Poetic Justice

My award-winning student film, in which a team of heroic poets tackle the Grammar Nazi menace.

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Poetic Justice Poster

In December 2012, all the world’s a stage.

The first poster for my action poet film, Poetic Justice. From left to right, we have Emily, Charlotte, and Anne Bronte; Will Shakespeare, the team leader; Robert Frost, the muscleman; Emily Dickinson, the female; and Edgar Allen Poe, the emo one.

Storyboard Glimpse

A snippet of the storyboard for my upcoming “action hero poets” student film, Poetic Justice. Here, the villainous Strunk and his Grammar Nazi minions are about to receive a visit from the poet team. The storyboard is the much-appreciated work of my friend Nimphaiwe. Tentative release date for the film: December 2012.

The "guy getting pulled back into the woods" stunt is going to be a tricky one...

Looks like Strunk needs to spellcheck himself before he wrecks himself.

Character Twist: the classier plot twist

The Master Cleanse is a 15-minute dramedy created, according to the makers themselves, “to see if we could make a short and strip away all of our tricks, no action, no chase scenes, no fancy angles, or violence, and see if two people talking about universal relationship problems could be as compelling as an all girls high octane pillow fight.”

And it is a fun film, mostly because there’s a clever twist at the end. The plot twist hinges on a reveal about the main characters’ relationship, and is an example of something that I’ve been wondering about for a while: how can character development be subjected to the same boost of whizz-bang fun that a properly designed plot twist gives to a plot? As a writer, my weakest subject is character development, and my strongest subject is plot. My neverending quest, therefore, is a search to discover ways to make my characters as interesting as my plots.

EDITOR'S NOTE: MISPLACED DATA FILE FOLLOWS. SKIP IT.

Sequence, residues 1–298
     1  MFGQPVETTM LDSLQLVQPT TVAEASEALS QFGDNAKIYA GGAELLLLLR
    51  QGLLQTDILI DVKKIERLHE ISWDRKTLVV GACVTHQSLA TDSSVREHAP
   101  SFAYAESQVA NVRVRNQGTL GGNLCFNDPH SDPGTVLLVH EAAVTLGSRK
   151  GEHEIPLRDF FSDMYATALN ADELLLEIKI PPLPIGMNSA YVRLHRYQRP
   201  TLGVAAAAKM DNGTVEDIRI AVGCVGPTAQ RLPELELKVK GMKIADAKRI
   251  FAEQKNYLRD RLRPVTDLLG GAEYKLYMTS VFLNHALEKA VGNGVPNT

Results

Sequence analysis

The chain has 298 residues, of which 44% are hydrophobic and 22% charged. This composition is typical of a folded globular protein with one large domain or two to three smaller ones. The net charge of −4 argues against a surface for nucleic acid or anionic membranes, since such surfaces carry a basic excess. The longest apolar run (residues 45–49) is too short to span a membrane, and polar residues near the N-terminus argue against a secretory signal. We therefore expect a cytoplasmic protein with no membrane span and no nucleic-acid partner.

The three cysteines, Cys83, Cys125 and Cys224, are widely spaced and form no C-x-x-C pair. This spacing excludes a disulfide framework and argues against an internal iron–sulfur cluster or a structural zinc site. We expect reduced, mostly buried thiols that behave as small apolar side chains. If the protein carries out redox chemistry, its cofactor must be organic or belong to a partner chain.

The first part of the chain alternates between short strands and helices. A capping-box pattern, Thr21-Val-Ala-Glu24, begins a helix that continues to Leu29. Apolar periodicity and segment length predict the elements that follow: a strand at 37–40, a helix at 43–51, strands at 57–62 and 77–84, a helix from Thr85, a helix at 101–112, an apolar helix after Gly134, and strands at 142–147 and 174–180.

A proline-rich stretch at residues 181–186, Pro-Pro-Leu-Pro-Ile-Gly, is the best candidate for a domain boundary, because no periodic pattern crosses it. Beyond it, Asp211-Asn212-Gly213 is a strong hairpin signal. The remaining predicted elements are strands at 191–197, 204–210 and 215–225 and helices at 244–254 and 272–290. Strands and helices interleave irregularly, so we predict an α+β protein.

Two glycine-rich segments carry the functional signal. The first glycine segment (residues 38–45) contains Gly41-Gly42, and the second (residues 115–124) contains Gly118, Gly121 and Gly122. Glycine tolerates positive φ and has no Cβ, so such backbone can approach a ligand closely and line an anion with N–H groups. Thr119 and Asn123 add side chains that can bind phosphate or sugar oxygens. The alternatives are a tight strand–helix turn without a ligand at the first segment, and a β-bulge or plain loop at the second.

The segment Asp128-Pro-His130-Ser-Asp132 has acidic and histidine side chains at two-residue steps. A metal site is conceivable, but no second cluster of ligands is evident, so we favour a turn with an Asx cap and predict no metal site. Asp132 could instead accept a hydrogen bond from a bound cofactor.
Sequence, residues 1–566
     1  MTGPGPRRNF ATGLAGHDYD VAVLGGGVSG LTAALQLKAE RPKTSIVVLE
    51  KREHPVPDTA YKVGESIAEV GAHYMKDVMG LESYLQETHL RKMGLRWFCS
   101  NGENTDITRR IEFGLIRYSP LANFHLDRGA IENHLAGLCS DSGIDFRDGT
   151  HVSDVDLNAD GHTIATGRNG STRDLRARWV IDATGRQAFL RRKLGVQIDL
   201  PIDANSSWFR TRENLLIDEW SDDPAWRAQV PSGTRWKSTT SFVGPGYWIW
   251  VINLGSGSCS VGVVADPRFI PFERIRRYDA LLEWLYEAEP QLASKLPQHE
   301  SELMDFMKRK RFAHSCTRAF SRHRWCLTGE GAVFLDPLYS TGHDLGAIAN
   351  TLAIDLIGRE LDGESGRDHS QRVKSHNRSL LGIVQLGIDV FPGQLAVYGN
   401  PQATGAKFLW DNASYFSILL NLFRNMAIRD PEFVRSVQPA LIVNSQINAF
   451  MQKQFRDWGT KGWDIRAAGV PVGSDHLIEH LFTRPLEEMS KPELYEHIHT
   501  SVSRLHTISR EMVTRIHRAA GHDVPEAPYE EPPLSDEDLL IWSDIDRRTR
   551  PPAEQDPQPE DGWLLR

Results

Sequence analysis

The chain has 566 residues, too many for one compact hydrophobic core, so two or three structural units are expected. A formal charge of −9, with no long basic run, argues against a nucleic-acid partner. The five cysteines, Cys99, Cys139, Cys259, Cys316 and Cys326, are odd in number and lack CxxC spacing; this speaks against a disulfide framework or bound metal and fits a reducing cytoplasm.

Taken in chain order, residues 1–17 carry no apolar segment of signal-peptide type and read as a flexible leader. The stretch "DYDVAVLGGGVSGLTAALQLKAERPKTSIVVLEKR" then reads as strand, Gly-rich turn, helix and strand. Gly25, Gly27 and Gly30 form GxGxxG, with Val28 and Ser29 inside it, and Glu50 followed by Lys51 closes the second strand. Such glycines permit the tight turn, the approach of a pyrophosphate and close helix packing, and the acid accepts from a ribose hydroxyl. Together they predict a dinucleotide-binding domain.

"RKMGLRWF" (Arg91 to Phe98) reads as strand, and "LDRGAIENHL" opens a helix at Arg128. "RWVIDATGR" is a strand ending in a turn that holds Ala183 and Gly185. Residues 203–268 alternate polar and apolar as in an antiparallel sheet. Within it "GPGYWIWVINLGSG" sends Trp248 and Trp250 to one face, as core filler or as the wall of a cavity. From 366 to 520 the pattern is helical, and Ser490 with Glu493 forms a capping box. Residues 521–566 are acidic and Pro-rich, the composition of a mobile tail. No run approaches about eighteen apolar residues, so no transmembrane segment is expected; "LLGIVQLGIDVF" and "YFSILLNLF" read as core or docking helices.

The Master Cleanse provides an example of the classic character twist. This post will deconstruct the twist in depth, so I’ll hide the rest of the text in case you feel like watching the short film sans spoilers. (There’s crass language and an intentionally unappealing sex scene, if you need any incentive to keep reading without seeing the film)

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Broccoli Planet (Short Film)

Zach and I wrote, filmed and finished most of the editing for this film last Saturday. If anything isn’t as stellar as you expect in such an intergalactic story, I blame it on the speed we worked with. The short is on the same type of camera that we’ll use to film Poetic Justice, and gave me a chance to see how the basics — lighting, sound, and angles — are used. I don’t have much experience with it. In the end, it was easier than I thought it would be, although I didn’t anticipate the amount of broccoli that I’d get mushed into my hair.

I think this one has a bit of rewatch value, due to touches like the broccoli I pull out of an unlikely spot at 1:48 or the sweet camera angle that we start with. Zach’s a lot better at thinking of good angles to shoot from than I am… he noticed the ceiling fan that we used for the opening shot, and also propped the camera up on an opened door in order to get the wide shot of us eating.

Fun fact: we used broccoli to steady the camera half the time. That stuff really does have a million uses.